Which doesn’t mean you have to delay starting. Research can be an interim goal: I will research what will help me feel more optimistic about life as a stepping stone to reaching emotional wellness.

Research can take 2 forms:

  1. Inquiry into what other people have found effective;
  2. Inquiry into yourself (n=1).

Ask: How have other people become more optimistic about life (especially in circumstances that are similar to mine)?

Observe: Under what circumstances do I feel more optimistic about life?

Once you think you discern a pattern (such as it seems that under these circumstances I feel more optimistic about life), then you have your interim goal: to arrange for those circumstances more consistently.

4. Design your intervention

Scientific Method~HypothesizeYour intervention is simply your strategy to ensure you arrange the pattern of your life in ways that will enable you to reach your interim goals.

Your intervention is the experiment part of the scientific method.

It can be fun. And broken into bite-sized stages.

Your Theory of Change~

If you put the whole thing, steps 1-4, in a sentence, you have a theory of change.

You have a hypothesis:

If I do this, I think that will happen. And these are the interim goals I’ve set to help me test my theory of change and keep me on track in my quest for peak wellness.

You don’t have to transform yourself overnight.

With a theory of change, you don’t have to~.

Biohacking Tips

Supporting your n=1 experiments for healing & optimization~

7 thoughts on “Biohacking Tip #5: Create Your Theory of Change

  1. Pingback: Create your own Wellness Wheel | petra8paleo

  2. I’ve been dealing with severe plaque psoriasis for 3 years, have a great holistic doc whose tried almost everything. I’ve done Amy Meyers autoimmune protocol, tried Wahl’s ketogenic briefly but lost too much weight. I’ve finally given in and have just started taking Otezla as prescribed by a rheumatologist. I hate having to take it! So your post about Stockdale, faith and discipline lifted by spirits more than you know! I just finished reading The Last Best Cure by Donna Nakazawa which gives me great hope. Could it be that years of stress and taking care of others is the root of my illness?? I’ve started the Perfect Health Diet (scary to eat starches!), yoga, Al-Anon (co-dependent? me?!), working out with a trainer, and massage at least once a month. Also, I completed an 8-week Mindfulness-Based Stress Relief clinic at Austin Heart Hospital and am now meditating regularly. It’s been discouraging to read about all the people who have truly reversed their autoimmune conditions with the AIP diets. (Haven’t read any success stories from people with psoriasis. Hmm….) So when I read of your and Matthew’s journey, I can relate. Please don’t read that as “misery loves company!” It’s just comforting to know that it’s okay to see this as a life journey, not a fix-it plan. Thank you for your blog, thank Matthew for being willing to be our guinea pig, and know that what you are doing makes a difference. Blessings, Vicki Barber Canyon Lake, Texas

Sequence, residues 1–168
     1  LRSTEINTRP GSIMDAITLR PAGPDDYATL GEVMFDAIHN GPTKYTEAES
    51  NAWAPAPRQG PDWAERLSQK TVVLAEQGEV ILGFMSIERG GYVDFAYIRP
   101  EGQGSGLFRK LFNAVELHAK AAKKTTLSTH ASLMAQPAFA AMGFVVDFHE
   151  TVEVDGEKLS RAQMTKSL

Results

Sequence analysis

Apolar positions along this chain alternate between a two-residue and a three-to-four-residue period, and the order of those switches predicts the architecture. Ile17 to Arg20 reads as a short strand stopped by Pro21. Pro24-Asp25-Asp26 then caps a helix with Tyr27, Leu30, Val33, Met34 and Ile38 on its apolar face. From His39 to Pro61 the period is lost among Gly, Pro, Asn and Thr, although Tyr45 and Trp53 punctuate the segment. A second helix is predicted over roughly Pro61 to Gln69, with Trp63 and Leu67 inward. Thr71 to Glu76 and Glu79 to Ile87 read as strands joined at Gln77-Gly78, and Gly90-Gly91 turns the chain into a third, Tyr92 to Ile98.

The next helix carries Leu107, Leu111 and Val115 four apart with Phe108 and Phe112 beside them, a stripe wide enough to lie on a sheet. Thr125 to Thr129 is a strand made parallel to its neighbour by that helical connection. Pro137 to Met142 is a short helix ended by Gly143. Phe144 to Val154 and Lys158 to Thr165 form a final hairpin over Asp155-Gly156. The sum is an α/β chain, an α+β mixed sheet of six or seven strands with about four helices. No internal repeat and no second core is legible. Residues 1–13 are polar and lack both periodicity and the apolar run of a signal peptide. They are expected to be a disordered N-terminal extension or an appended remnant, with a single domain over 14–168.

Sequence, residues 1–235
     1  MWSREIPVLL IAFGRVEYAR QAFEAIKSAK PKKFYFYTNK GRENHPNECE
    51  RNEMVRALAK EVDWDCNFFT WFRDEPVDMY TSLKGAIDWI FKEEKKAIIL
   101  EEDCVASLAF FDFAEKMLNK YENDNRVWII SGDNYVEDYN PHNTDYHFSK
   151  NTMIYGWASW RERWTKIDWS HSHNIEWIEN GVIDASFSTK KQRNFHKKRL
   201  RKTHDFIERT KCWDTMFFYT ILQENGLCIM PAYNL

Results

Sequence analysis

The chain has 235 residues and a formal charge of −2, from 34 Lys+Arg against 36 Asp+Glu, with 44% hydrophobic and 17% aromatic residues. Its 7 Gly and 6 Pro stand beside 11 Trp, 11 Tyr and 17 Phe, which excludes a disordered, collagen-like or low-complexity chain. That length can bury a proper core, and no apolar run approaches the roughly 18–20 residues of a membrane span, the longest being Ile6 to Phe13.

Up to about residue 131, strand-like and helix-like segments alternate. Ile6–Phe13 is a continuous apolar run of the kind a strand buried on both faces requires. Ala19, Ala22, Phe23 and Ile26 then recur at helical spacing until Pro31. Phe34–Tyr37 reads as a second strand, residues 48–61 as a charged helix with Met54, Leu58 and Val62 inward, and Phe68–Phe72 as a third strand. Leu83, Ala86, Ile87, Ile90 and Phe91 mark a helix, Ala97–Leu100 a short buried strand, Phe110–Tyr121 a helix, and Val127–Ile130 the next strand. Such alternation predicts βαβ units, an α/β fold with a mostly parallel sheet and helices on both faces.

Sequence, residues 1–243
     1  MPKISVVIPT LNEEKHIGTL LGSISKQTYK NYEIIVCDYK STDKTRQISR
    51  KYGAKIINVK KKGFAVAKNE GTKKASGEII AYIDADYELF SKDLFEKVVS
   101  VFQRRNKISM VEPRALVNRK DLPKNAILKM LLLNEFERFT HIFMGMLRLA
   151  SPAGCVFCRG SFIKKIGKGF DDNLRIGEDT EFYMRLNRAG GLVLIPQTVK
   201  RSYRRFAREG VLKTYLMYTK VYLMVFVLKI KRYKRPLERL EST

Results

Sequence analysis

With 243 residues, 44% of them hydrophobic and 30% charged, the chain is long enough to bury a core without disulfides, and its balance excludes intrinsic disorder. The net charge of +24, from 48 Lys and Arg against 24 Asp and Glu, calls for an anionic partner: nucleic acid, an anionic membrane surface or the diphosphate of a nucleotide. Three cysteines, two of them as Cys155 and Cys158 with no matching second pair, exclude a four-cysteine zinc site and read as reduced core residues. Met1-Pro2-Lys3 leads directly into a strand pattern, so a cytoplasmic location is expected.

• Thank you for sharing your story, Vicky. Matthew’s psoriasis is definitely improved on the AIP, but not fully reversed. He still has significant trouble with weeping psoriasis. I would say that the process of reversing autoimmune conditions through diet and lifestyle is slow and non-linear for most. Most of the autoimmune bloggers who are having success with the AIP still experience symptoms and flares (I only know that because I’m touch with many of them behind the scenes), even if they don’t always share the gory details of those challenges publicly. I’m not saying that anyone is being duplicitous by painting a (perhaps) rosier picture online, but we do need to keep in mind that personal blogs are as much (or sometimes more) for the people who create them as they are for those who read them, and sometimes it is psychologically helpful to focus on the positive. I am reminded of this when I clear one orderly section in my otherwise disastrous kitchen to take food photos for a recipe post~!

  3. Pingback: Achieving Your Health Goals | petra8paleo

  4. Pingback: Acheiving Your Health Goals when Things are Complicated (or Chaotic) | petra8paleo